RIPON – Falling revenues means Ripon Unified students and parents may find out in the coming months that programs they have expected to always be there – the reader’s workshop as one example – could be history.
According to Ripon Superintendent Louise Nan, the district is going to be dangerously close to encroaching on the three-percent reserve that the State of California requires all districts maintain within the next three years.
While each round of cutbacks and information about the future coming out of Sacramento has been progressively worse as the 2009-10 school year approached, Nan said that the cutbacks in the Average Daily Attendance funds that the district will receive for each student that attends the minimum number of periods will be drastically reduced. It is a major blow to one of the district’s major funding sources.
With an additional $79,000 in cuts announced during the last word that was handed down, they’ll also have to deal with a reduction from $6,379 per pupil in ADA funding to only $5,208. That will place an additional strain on an already small district that relied on the attendance of their students to help keep Ripon Unified programs in place.
“We’re always looking for the worst case scenario,” Nan said. “And in July, it was worse than the worst – something that we’ve unfortunately come to expect in this educational environment.”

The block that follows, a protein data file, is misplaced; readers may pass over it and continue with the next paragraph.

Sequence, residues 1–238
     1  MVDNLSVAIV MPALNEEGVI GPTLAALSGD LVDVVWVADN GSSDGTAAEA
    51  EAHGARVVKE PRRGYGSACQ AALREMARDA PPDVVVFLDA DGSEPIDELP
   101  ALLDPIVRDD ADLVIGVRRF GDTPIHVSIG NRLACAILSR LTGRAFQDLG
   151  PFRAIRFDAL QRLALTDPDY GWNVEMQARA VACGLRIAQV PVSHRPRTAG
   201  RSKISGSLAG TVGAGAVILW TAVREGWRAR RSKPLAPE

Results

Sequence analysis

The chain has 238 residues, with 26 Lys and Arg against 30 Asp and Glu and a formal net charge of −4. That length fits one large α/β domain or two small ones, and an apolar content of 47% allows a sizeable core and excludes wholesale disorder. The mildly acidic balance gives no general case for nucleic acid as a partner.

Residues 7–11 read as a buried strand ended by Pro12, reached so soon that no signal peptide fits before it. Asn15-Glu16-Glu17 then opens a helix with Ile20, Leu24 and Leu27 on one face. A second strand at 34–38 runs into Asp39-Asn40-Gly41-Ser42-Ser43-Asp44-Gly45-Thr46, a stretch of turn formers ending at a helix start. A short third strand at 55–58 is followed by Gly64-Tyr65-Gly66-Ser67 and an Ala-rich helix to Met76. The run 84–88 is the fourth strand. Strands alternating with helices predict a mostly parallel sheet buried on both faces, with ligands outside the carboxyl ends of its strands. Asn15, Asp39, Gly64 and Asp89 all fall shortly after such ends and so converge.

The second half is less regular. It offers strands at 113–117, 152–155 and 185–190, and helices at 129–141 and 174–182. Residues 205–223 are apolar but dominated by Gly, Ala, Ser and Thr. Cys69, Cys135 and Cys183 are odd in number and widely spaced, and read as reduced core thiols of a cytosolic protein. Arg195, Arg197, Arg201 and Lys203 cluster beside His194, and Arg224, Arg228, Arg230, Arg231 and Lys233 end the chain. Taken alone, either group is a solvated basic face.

While school just started at Ripon Unified sites on Monday, administrators are still dealing with the fact that they’re $1,000,000 from where they were at the same time last year with little help in sight – even with the federal stimulus money that is supposedly earmarked for education.
According to Nan, federal programs like Title I – which helps below-average readers work their way back up to grade level – have gotten top priority in the distribution of funds and has left high-testing districts like Ripon out to fend for themselves and plan for what could be best described as a bleak future.
And it isn’t like the Board of Education and the Ripon Teacher’s Association haven’t worked together to try and do everything possible to cut all of the fat out of the budget.
Thanks to some creative shuffling and the retirement of 14 teachers – combined with the reduced salaries of both certificated and classified personnel – the district is still searching for ways to make sure that they’re offering the best education possible to the residents of the close-knit community.
Regardless of the lack of resources, teachers have still managed to make the education that students receive at Ripon Unified top notch – evident in the increased numbers of students who passed the California High School Exit Exam.
While 88 percent of the students who took the test last year passed the math portion and 91 percent passed the reading and language arts section, those numbers increased to 93 and 91 percent, respectively – a sign that even during a fiscal crisis it’s possible to have success in the classroom.
Nan says that she’s currently examining a variety of different options to help offset some of the programs that have been cut due to budget constraints – including teaming up with the non-profit Give Every Child a Chance to compensate for the lost Reader’s Workshop program.
The budget – which is constantly being monitored – will likely again be on the agenda when the board meets again on September 14.
To contact Jason Campbell, e-mail email@example.com or call (209) 249-3544.